It’s that time of the month, Port Authority Citizen’s Brigade. (and a bit about failure)

If you have been reading cincyopolis for awhile, you know I like to measure things.  So when I was getting ready for the Cincyopolis Survived! party to mark the end of the first year, I started a list of good things that have happened during this grand experiment in civic conversation: 138 posts, 1277 regular followers, 555 “likes” on the Facebook page, a Sunday cover story in the Enquirer about the use of economic development incentives in Cincinnati, City Council’s call for a full-review of incentives, 3 guest editorials in the Enquirer, 8 guest posts from an amazing range of expertise, interviews with some of Cincinnati’s most visible leaders, and a requirement for public hearings added to new Tax Increment Financing projects voted on last December.

But in order to improve results, evaluation also has to include a clear-eyed look at failures as well, those areas where improvement or reassessment of technique is most needed.  There’s only one area where efforts have been particularly disappointing, the spot where I’ve put by far the most emphasis: transparency at the Port Authority.  Instead of improving interaction with this public agency, the relationship between the board and citizens has actually gotten worse over the past year.  (well – maybe not worse – as there was no relationship prior to the formation of cincyopolis – but it sure hasn’t gotten any better)

Two of the four board meetings (at the Taft Center) since we started attending in February were cancelled.  The executive director has twice fallen back on legality as justification for decisions to limit public access to information.  Meetings we do attend start with a reminder that the public is not allowed to comment at any time.  And silliest of all – during the strategic planning session last month, we were told we were not allowed to sit at the observation table – even though it remained empty through-out the entire meeting  – and were relegated to chairs scrunched along the wall in the far corner of the spacious room.

This should not be an adversarial situation.  The Port Authority is now and always has been a public agency subject to state Sunshine laws.  This is the public’s business and we have every right to be there, listening, learning and asking questions.

Please come if you can.  It’s the last meeting before summer break and very important to remind the 9 members of the board and the executive director that we care, that we are not going away, and that we want to be an informed part of these important decisions that impact our community for generations and involve big dollars and risk.

Though regularly scheduled for the 2nd Wednesday of the month, this month’s meeting has been moved to Thursday morning, June 11 at 8 a.m., at the Taft Center on the 2nd floor of the atrium in the Westin Hotel on 5th St.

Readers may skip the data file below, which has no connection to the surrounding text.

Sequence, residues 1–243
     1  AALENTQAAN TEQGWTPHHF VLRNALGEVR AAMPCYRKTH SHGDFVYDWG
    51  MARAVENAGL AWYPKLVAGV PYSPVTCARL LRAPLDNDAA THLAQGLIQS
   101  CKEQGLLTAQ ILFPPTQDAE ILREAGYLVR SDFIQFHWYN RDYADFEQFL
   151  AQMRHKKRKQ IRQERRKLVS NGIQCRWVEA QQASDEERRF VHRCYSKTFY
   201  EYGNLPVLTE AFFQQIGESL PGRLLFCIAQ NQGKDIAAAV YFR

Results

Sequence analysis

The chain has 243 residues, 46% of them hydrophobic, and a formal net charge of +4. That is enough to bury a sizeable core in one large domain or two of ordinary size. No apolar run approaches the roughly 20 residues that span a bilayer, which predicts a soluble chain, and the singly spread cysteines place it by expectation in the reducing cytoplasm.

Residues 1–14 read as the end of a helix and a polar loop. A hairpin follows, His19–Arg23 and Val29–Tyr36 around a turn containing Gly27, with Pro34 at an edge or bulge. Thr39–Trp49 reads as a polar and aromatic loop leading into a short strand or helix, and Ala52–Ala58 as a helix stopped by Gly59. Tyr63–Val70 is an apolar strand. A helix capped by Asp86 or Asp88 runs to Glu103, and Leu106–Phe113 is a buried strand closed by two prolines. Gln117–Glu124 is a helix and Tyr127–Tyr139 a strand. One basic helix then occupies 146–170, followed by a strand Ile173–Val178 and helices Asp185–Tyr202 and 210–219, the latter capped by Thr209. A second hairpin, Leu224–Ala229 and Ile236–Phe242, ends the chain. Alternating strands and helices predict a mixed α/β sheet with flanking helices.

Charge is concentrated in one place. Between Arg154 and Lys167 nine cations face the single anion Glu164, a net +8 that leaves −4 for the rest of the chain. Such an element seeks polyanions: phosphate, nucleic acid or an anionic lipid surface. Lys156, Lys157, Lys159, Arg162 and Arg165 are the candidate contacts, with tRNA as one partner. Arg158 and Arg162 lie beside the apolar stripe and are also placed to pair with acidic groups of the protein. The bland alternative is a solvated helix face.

Failure is only absolute when we stop trying.

Note:  I just remembered another no-progress area:  I haven’t gotten Dusty Rhodes to give any serious consideration to inconsistencies in property valuations.  I haven’t given up there either. 

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3 thoughts on “It’s that time of the month, Port Authority Citizen’s Brigade. (and a bit about failure)

  1. Paul

    Just was looking at the Port Authority site ( ) to find out more about what they do. Lots of acronyms and things for “Joe Blow” Citizen (i.e. me) to learn, e.g. “EB5”. Here is how it is self-described: The Port of Greater Cincinnati Development Authority was formed in 2000 to stimulate growth of the regional economy. The Port Authority is an economic development force, partnering with the City of Cincinnati and Hamilton County, focusing on reutilization and redevelopment of property through catalytic investment. The Port Authority manages the Hamilton County Land Reutilization Corporation (Landbank). For more information, visit http://www.cincinnatiport.org. Google (thank you) finds EB-5 is: EB-5 capital is a unique alternative to traditional sources of funds. The EB-5 program was established in 1990 to encourage foreigners to invest in the United States and create American jobs in exchange for a U.S. green card. As credit markets have tightened in the wake of the financial crisis, more and more American businesses and developers have turned toward EB-5 funds to raise the required capital for their projects. Hmm. See you Thursday

    Reply
  2. executivedreamer Post author

    So much of the Port’s verbiage is gobblety-gook, isn’t it, Paul? It is possible to explain these initiatives in plain English. Folks who pepper their conversations with jargon usually don’t have a clear understanding themselves – or they are trying to make everybody else feel stupid so we need to pay experts. That always makes me very, very nervous. — But then again I’m a medieval history major – which means I’m a novice on every topic I tackle outside of Charlemagne.

    Reply
  3. Pingback: Wake up, Port Authority Citizens Brigade: This Isn’t Transparency | cincyopolis

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